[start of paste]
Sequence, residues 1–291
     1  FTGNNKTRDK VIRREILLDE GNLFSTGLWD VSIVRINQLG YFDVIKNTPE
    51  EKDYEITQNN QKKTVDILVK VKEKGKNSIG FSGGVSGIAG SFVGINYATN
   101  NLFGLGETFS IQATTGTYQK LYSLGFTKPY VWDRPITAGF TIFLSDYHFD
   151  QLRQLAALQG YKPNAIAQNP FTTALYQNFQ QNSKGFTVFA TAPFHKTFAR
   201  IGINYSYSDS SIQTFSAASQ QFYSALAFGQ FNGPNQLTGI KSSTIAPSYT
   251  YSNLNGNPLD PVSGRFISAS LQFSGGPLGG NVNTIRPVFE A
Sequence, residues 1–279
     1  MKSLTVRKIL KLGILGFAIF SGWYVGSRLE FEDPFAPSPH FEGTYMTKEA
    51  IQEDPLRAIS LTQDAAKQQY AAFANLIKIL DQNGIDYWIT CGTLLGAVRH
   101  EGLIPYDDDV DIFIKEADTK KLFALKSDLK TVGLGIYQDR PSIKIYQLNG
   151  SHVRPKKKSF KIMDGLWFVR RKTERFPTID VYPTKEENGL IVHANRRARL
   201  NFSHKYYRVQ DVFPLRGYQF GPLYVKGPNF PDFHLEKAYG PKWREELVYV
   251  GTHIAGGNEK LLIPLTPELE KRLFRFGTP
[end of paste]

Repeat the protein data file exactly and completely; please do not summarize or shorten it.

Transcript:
Sequence, residues 1–291
     1  FTGNNKTRDK VIRREILLDE GNLFSTGLWD VSIVRINQLG YFDVIKNTPE
    51  EKDYEITQNN QKKTVDILVK VKEKGKNSIG FSGGVSGIAG SFVGINYATN
   101  NLFGLGETFS IQATTGTYQK LYSLGFTKPY VWDRPITAGF TIFLSDYHFD
   151  QLRQLAALQG YKPNAIAQNP FTTALYQNFQ QNSKGFTVFA TAPFHKTFAR
   201  IGINYSYSDS SIQTFSAASQ QFYSALAFGQ FNGPNQLTGI KSSTIAPSYT
   251  YSNLNGNPLD PVSGRFISAS LQFSGGPLGG NVNTIRPVFE A
Sequence, residues 1–279
     1  MKSLTVRKIL KLGILGFAIF SGWYVGSRLE FEDPFAPSPH FEGTYMTKEA
    51  IQEDPLRAIS LTQDAAKQQY AAFANLIKIL DQNGIDYWIT CGTLLGAVRH
   101  EGLIPYDDDV DIFIKEADTK KLFALKSDLK TVGLGIYQDR PSIKIYQLNG
   151  SHVRPKKKSF KIMDGLWFVR RKTERFPTID VYPTKEENGL IVHANRRARL
   201  NFSHKYYRVQ DVFPLRGYQF GPLYVKGPNF PDFHLEKAYG PKWREELVYV
   251  GTHIAGGNEK LLIPLTPELE KRLFRFGTP